Johnny and Jeanette Green have been dancing together for thirty-three years. In fact, it was dancing that brought them together.
Johnny worked at Tamaki Intermediate as a caretaker, and was also an international referee for Olympic styles of wrestling. When time allowed, his other passion was dancing.
He would often go to a tea dance at the Blockhouse Bay Community Centre and dance with the ladies who, like him, had no regular partner. One Sunday in November, shortly after returning home from refereeing at the 1986 Commonwealth Games in Edinburgh, Johnny’s fancy was taken by a new lady who was sitting on the other side of the hall.
In Johnny’s words: “After watching her dance with other men I thought ‘she’s good!’ But every time I went to ask her to dance some other man beat me to it. So, I got clever; as soon as I saw the MC pick up the mike I started across the floor and most times I got to dance with her.
“I asked her to go dancing with me several times, then finally after about two months she said okay, but that she would meet me in the hall at Royal Oak School. Then when she did arrive it was with another lady dancer I knew. When I went up to ask Jeanette to dance the other lady stood up and said, ‘Come and dance with me Johnny!’ I said, “Sorry, I came to ask Jeanette,” and after that we would always dance together.”
Not long after that the couple who ran the Blockhouse Bay Community Centre Tea Dance stopped because of ill health and Johnny and Jeanette were talked into taking over. They since became qualified teachers in Old Time, (now called Classic), Modern Sequence and New Vogue.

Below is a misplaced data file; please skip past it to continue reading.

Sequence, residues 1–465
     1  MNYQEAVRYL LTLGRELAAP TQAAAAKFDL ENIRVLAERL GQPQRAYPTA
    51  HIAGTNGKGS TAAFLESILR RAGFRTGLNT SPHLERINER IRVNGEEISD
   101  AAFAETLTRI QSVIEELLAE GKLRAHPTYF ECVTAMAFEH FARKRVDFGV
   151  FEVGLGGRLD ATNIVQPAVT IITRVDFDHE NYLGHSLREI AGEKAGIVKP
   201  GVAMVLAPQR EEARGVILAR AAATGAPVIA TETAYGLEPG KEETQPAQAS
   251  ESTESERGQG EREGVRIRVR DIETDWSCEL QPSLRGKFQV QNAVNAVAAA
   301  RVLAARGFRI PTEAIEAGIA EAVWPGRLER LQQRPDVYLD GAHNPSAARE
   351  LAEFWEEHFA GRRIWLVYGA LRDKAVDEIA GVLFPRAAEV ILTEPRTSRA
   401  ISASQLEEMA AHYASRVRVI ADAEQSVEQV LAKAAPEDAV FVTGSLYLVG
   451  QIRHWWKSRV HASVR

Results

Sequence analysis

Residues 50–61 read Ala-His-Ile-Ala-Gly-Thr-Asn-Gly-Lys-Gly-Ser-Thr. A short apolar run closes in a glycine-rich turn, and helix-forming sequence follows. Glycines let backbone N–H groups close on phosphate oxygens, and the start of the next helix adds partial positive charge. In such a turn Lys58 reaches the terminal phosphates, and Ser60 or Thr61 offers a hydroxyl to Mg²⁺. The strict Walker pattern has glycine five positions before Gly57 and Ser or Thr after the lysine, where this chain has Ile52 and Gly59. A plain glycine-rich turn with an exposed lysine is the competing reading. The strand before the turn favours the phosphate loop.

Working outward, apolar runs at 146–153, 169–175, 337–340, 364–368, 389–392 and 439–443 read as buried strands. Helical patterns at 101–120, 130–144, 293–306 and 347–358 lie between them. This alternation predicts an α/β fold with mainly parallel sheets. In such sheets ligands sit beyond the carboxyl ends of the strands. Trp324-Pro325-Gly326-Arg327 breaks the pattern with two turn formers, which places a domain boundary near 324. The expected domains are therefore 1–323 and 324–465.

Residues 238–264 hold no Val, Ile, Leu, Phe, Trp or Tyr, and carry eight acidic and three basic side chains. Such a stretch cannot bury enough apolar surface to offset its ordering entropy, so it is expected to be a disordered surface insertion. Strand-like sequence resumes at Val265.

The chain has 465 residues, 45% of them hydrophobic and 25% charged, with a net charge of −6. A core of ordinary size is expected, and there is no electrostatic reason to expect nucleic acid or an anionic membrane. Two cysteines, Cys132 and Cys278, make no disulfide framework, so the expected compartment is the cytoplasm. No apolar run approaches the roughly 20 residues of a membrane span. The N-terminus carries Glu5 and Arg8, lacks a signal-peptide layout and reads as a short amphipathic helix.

Johnny is a Londoner from Edgeware, near Watford who emigrated to New Zealand with his first wife and two young sons in 1963, as a New Zealand Army recruit. Early on he was on manoeuvres in Waiouru and lost the use of his legs due to a slipped disc. Though initially paralysed from the waist down, Johnny eventually regained the use of his legs through determination and hard work, progressing from wheelchair to crutches to two walking sticks, and was eventually given a medical discharge from the Army.
After a recommendation from his specialist that he work his back hard to help strengthen it, Johnny answered an ad for a bricklayer’s labourer. He quickly learned the trade and eventually became a foreman.
Both Johnny and Jeanette were widowed early in life, Jeanette losing her husband when he was just 36, and Johnny losing his wife in 1965. They each raised their two children alone.
Both of Jeanette's two children were ballroom dancers, with Jeanette's daughter Sherrie competing at an international level.
They continue to lead very active lives, or as Jeanette puts it with a laugh, “we do quite a lot for old people!” They enjoy getting away in their campervan and look forward each February to Art Deco week in Napier, where they love to dress up in the clothes of the period and compete, often winning their categories and even the overall winner title.
The couple continue to teach dancing every Monday at the Blockhouse Bay Community Centre, as they have done for thirty-three years, and that doesn’t look like changing any time soon.